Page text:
Now you're just throwing around random phrases you read in your Freshman Physics text.

Why does the Bible alone, of all of the world's 'holy' books, contain such detailed prophecies of future events?

 

You'd better have someone read these answers to you V-E-R-Y S-L-O-W-L-Y.

Is it absolutely true that "truth is not absolute" or only relatively true that "all things are relative?"

 

It is absolutely true that everything I say is the absolute truth. That's a lie by the way.

Is it possible that your unbelief in God is actually an unwillingness to submit to Him?

 

Damn, you're right! That's exactly it! I don't believe in God because I actually DO believe in him! That makes perfect sense! How about you? Is your unwillingness to believe in Allah actually an unwillingness to submit to him?

Does your present worldview provide you with an adequate sense of meaning and purpose?

 

Sure. My current purpose in life seems to be showing up the efforts of Christian apologists as the nonsense that it is. It's a worthy one.

How do you explain the radically changed lives of so many Christian believers down through history?

 

Self-delusion. Next question.

Are you aware that every alleged Bible contradiction has been answered in an intelligible and credible manner?

 

Please don't make me laugh.

What do you say about the hundreds of scholarly books that carefully document the veracity and reliability of the Bible?

 

I'd say stop throwing around vague generalities and start providing some specific examples.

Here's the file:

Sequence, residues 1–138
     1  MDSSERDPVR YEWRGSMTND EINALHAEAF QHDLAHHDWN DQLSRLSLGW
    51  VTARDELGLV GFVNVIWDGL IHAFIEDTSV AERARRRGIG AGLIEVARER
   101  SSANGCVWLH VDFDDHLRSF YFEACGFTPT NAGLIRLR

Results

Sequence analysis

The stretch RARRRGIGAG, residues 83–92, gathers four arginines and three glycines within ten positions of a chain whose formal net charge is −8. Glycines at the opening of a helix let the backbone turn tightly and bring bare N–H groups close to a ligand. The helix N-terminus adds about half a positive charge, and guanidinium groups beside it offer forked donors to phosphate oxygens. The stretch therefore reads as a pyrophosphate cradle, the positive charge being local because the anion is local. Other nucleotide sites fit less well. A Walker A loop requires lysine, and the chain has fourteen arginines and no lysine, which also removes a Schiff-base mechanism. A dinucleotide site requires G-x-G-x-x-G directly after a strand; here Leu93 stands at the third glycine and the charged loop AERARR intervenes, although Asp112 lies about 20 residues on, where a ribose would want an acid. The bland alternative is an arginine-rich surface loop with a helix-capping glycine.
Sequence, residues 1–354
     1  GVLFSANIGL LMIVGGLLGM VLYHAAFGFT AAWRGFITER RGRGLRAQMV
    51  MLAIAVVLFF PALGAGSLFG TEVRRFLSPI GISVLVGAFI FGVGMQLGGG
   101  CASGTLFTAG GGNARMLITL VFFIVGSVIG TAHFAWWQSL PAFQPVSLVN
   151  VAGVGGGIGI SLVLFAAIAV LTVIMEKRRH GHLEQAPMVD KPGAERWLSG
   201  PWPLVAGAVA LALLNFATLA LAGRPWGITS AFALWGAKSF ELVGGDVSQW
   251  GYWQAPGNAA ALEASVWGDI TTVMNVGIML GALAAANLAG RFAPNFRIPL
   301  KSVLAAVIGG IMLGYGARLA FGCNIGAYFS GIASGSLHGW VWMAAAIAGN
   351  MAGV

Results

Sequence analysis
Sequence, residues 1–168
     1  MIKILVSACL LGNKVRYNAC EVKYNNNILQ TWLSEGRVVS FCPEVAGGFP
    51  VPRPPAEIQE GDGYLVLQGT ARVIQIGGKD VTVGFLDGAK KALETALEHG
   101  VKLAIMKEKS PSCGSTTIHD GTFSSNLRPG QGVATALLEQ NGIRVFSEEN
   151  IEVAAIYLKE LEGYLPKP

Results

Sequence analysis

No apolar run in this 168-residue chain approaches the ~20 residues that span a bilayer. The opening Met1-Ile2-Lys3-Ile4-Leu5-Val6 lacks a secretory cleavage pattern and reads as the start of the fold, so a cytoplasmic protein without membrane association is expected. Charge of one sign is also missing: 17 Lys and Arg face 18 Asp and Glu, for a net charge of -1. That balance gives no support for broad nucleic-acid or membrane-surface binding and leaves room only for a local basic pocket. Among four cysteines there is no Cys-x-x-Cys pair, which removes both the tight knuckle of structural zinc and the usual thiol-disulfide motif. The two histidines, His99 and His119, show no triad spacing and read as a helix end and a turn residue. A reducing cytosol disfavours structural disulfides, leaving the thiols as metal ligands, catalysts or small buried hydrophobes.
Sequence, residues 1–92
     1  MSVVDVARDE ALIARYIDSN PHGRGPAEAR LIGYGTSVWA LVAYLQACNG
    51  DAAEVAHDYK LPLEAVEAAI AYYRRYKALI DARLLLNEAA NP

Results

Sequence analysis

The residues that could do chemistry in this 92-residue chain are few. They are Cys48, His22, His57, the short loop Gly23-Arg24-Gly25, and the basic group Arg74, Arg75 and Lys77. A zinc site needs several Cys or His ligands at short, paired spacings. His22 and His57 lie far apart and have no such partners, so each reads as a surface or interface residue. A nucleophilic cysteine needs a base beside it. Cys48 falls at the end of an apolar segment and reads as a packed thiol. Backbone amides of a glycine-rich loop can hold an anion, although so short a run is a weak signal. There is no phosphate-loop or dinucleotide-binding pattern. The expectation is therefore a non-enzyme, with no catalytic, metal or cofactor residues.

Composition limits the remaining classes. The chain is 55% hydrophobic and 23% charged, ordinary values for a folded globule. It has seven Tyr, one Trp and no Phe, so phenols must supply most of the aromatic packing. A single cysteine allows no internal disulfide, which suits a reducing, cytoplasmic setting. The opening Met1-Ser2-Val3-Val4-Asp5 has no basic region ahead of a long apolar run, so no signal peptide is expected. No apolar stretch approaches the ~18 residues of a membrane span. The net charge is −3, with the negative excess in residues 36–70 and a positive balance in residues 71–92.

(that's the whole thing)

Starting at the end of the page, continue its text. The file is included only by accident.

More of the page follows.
Why and how has the Bible survived and even flourished in spite of centuries of worldwide attempts to destroy and ban its message?

 

Please take a history course before you ask any more imbicelic questions like this.

Have you ever considered the fact that Christianity is the only religion whose leader is said to have risen from the dead?

 

No, because that's patently untrue. Scores of ancient religions have leaders who rose from the dead. Is it possible that you are this ignorant, or are you hoping that your readers will be?

How do you explain the empty tomb of Jesus in light of all the evidence that has now proven essentially irrefutable for twenty centuries?

 

If the story of Perseus is just a myth, how do you explain away the dead body of the Gorgon?

If Jesus did not actually die and rise from the dead, how could He (in His >condition) have circumvented all of the security measures in place at His tomb?

 

Well, gee, I thought he was the son of God, gifted with divine powers. Surely making himself invisible wouldn’t be too hard?

If the authorities stole Jesus' body, why? Why would they have perpetrated the very scenario that they most wanted to prevent?

 

Ask the guy who made up the story.

If Jesus merely resuscitated in the tomb, how did He deal with the Roman guard posted just outside its entrance?

 

Jijitsu.

How can one realistically discount the testimony of over 500 witnesses to a living Jesus following His crucifixion (see 1 Corinthians 15:6)?

 

What fucking testimony? All we have is that one account in Corinthians of 500 supposed witnesses which in itself is not corroborated by anything. None of those 500 gave any of their own testimony. We don't even know who they are. So the Corinthians passage is worthless in terms of evidence.

If all of Jesus' claims to be God were the result of His own self-delusion, why didn't He evidence lunacy in any other areas of His life?

 

Do you consider someone cursing a fig tree because it won't bear fruit out of season to be a sane act?

If God is unchanging, wouldn't it be true that one who changes by suddenly “realizing” that he/she is “God” therefore isn't God?